Woolworths warn buyers to avoid Facebook page & # 39; s scammers and offer loyal customers free groceries for a year
- More than 25,500 people have started following the Woolworths Fan page
- The page has been offering groceries for years as part of promotion
- Wary followers have warned others that the page and promo can be a scam
Thousands of desperate shoppers have fallen for a fake Woolworths Facebook page that has been offering free groceries for years.
More than 25,500 people have started following the Woolworths Fan page since it appeared on Facebook earlier this year.
The page, which is not affiliated with the supermarket giant, promotes giveaways in exchange for shares and sympathies. Hundreds of struggling customers flocked to the page hoping to win free food.
The page, which is not affiliated with the supermarket giant, promotes giveaways in exchange for shares and sympathies. Hundreds of struggling customers flocked to the page hoping to win free food
More than 25,500 people have started following the Woolworths Fan page since it appeared on Facebook earlier this year
However, a warning was issued by observant followers when the page began to offer fans a chance to win free groceries for a year.
& # 39; The Woolworths Fans page is a scam so please stop liking and sharing guys, you WILL NOT win shopping for a year & # 39 ;, a woman said.
& # 39; Commonsense wants you to look at the page first and if it has no website, address or other details and is a well-known company listed as a community, it's pretty clear it's not a valid page another. .
The page is thought to be a phishing scam, where crooks try to mislead people into providing personal information such as their bank account numbers, passwords, and credit card numbers.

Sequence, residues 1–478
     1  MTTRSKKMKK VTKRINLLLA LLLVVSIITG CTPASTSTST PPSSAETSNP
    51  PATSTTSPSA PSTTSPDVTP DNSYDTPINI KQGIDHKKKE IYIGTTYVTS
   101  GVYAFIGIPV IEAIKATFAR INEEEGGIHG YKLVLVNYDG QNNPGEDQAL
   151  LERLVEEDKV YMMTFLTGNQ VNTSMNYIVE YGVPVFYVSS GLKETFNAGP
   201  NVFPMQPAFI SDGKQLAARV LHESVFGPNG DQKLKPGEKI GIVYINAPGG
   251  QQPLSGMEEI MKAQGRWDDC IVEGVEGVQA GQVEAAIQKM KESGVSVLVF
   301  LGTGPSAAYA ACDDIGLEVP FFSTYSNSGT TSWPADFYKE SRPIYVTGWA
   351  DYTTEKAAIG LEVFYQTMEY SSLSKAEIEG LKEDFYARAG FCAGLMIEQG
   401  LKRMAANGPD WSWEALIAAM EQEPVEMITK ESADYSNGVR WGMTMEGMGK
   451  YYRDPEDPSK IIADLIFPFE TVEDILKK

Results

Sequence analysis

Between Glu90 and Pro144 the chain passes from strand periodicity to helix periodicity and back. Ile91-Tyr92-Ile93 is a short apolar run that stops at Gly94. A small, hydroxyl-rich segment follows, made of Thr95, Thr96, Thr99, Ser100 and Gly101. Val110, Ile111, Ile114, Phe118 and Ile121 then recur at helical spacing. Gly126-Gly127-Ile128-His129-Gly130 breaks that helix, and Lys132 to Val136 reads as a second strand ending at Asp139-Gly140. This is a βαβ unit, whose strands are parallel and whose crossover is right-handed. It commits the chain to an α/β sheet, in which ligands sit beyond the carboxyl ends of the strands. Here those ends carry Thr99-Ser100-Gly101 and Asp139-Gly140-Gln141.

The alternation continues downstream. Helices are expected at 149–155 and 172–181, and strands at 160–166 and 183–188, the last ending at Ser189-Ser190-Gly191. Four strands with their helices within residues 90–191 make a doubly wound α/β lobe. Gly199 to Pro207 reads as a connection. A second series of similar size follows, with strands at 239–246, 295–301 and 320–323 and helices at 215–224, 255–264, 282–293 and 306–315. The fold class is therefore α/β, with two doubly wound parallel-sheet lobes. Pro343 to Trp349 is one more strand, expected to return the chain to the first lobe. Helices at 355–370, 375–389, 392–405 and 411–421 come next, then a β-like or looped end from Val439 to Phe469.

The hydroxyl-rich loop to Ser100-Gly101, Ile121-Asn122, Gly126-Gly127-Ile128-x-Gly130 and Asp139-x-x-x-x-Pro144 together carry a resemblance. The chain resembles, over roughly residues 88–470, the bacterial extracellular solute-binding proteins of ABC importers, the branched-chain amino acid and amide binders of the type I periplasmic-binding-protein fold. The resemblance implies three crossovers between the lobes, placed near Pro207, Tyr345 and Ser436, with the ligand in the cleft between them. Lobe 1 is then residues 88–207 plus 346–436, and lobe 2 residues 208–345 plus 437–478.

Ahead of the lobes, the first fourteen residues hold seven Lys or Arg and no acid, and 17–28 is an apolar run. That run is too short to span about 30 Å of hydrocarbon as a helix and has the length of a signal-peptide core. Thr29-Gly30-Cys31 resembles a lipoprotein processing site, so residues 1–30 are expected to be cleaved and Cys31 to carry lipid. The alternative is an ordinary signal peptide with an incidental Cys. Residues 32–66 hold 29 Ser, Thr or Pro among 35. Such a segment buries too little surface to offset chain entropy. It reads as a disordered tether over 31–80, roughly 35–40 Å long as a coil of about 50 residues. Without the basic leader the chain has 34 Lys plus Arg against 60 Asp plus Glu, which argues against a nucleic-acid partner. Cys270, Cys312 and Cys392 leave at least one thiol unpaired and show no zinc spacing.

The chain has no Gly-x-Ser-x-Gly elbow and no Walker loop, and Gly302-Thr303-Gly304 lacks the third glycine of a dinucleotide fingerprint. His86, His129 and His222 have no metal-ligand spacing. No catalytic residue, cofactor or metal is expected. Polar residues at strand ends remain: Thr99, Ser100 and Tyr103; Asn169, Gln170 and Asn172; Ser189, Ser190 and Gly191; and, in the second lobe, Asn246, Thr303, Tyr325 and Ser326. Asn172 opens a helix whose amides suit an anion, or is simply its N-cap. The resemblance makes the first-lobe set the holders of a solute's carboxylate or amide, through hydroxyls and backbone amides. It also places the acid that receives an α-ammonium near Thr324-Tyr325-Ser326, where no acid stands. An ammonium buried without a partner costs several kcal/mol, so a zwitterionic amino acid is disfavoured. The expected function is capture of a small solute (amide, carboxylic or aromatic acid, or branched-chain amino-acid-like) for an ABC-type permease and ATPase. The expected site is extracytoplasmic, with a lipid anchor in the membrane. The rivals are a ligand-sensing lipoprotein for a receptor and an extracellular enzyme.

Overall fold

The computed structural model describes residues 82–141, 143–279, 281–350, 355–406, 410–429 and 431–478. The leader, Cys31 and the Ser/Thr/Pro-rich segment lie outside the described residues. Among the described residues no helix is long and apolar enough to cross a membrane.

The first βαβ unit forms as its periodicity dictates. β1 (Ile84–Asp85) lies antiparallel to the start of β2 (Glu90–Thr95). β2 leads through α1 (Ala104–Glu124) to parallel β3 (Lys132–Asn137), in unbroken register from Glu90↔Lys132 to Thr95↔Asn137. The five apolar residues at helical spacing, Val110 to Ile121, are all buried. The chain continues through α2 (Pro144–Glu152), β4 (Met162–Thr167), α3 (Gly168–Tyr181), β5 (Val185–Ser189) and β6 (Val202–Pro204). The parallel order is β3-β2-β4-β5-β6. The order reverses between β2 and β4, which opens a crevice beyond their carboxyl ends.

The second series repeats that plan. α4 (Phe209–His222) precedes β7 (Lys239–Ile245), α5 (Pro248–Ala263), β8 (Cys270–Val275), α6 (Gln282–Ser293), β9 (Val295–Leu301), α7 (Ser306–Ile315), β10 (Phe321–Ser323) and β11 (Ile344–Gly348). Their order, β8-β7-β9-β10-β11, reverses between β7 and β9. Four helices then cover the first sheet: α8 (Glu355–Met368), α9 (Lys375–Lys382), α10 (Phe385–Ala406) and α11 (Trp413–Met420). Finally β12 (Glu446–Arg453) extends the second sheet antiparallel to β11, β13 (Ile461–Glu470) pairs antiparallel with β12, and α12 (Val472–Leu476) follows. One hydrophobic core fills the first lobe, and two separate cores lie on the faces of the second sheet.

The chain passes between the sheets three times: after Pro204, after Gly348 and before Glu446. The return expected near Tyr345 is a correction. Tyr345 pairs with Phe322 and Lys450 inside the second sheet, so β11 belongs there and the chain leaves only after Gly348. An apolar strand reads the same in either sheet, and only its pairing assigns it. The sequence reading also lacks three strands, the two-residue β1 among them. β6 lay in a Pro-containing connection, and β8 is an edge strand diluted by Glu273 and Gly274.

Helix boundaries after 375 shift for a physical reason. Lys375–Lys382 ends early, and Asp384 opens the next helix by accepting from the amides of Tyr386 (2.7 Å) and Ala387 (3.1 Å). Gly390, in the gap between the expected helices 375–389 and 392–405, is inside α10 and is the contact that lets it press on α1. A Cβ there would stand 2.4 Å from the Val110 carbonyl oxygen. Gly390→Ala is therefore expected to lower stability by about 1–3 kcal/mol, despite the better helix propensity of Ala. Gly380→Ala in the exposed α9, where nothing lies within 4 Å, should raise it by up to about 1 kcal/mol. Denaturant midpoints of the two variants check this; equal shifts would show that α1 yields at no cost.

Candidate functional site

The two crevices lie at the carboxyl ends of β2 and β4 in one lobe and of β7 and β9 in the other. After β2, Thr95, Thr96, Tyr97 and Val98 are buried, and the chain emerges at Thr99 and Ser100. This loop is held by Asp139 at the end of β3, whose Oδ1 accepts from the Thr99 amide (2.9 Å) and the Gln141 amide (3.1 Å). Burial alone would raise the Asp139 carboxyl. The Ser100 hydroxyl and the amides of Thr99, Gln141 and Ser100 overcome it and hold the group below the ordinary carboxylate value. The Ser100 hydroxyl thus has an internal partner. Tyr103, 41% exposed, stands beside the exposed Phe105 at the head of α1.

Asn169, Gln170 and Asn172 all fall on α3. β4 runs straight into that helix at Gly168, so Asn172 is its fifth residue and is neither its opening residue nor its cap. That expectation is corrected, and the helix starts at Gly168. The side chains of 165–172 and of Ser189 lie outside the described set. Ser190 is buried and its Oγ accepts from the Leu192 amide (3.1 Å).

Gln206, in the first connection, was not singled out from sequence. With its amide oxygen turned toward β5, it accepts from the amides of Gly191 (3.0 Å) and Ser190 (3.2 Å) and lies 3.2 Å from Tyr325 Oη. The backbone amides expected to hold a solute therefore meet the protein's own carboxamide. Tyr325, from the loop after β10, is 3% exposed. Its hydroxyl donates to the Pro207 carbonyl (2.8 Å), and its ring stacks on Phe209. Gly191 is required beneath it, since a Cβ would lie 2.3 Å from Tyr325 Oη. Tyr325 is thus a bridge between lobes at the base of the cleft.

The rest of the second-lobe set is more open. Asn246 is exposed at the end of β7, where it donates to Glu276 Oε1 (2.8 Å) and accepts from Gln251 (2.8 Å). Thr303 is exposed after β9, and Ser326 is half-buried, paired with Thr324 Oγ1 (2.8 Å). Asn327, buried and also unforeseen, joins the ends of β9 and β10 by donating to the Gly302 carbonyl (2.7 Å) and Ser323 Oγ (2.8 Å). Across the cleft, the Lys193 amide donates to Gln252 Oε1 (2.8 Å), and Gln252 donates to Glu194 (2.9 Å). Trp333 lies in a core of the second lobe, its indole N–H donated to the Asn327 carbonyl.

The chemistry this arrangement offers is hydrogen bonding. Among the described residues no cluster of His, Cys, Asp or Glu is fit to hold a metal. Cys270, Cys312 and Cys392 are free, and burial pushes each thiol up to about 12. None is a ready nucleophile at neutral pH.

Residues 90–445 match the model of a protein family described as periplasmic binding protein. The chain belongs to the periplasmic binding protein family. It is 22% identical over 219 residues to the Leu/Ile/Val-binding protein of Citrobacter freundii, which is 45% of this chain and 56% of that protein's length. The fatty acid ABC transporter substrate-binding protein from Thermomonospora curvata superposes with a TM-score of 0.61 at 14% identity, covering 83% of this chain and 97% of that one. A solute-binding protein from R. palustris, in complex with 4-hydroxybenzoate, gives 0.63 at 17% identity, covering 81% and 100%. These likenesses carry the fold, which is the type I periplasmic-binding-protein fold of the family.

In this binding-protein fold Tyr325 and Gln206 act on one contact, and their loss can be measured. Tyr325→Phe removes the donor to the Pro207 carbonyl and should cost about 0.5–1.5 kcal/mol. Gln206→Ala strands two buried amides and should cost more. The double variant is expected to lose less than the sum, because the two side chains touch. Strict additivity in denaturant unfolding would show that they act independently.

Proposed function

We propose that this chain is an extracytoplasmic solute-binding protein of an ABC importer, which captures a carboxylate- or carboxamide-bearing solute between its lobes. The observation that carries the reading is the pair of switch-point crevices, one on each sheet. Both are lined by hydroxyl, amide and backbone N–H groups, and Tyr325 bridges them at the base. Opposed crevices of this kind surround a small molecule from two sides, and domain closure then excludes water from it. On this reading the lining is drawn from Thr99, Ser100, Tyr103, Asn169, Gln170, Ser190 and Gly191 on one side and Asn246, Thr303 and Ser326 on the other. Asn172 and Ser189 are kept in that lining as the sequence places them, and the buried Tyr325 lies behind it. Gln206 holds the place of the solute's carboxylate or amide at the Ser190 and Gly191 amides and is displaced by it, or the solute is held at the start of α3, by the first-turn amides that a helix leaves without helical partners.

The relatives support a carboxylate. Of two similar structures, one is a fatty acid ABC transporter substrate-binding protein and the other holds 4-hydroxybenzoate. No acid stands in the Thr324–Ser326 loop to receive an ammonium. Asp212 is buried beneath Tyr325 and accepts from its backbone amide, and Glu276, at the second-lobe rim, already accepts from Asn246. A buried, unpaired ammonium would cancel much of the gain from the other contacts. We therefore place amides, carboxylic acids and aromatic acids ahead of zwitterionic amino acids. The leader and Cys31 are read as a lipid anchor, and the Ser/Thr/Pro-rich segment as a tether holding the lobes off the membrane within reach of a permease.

A Woolworths spokesperson said the company had tried to have the page removed
A Woolworths spokeswoman said the company had tried to have the page removed.
& # 39; We encourage our customers to remain vigilant for online phishing scams, trying to imitate well-known brands to collect personal information.
& # 39; We will never ask our customers for personal or bank details in unsolicited communications. & # 39;
According to her, the company reports scams to the SCC Watch of the ACCC and regularly updates its Scam Alerts page on its website to protect customers online.
How does a phishing scam work?
A scammer will contact you to impersonate a legitimate company such as a bank, telephone, or internet provider. You may be contacted via e-mail, social media, telephone or text message.
The scammer asks you to provide or confirm your personal information. For example, the scammer may say that the bank or organization checks customer records because of a technical error that has erased customer data. Or they may ask you to complete a customer survey and offer a prize for participation.
Phishing messages are designed to look real and often copy the format used by the organization that the scammer pretends to represent, including their branding and logo. They take you to a fake website that looks like the real deal, but has a slightly different address.
If you provide the scammer with your information online or over the phone, they will use it to perform fraudulent activities, such as using your credit cards and stealing your money.
Source: Australian Scam Watch, competition and consumer committee
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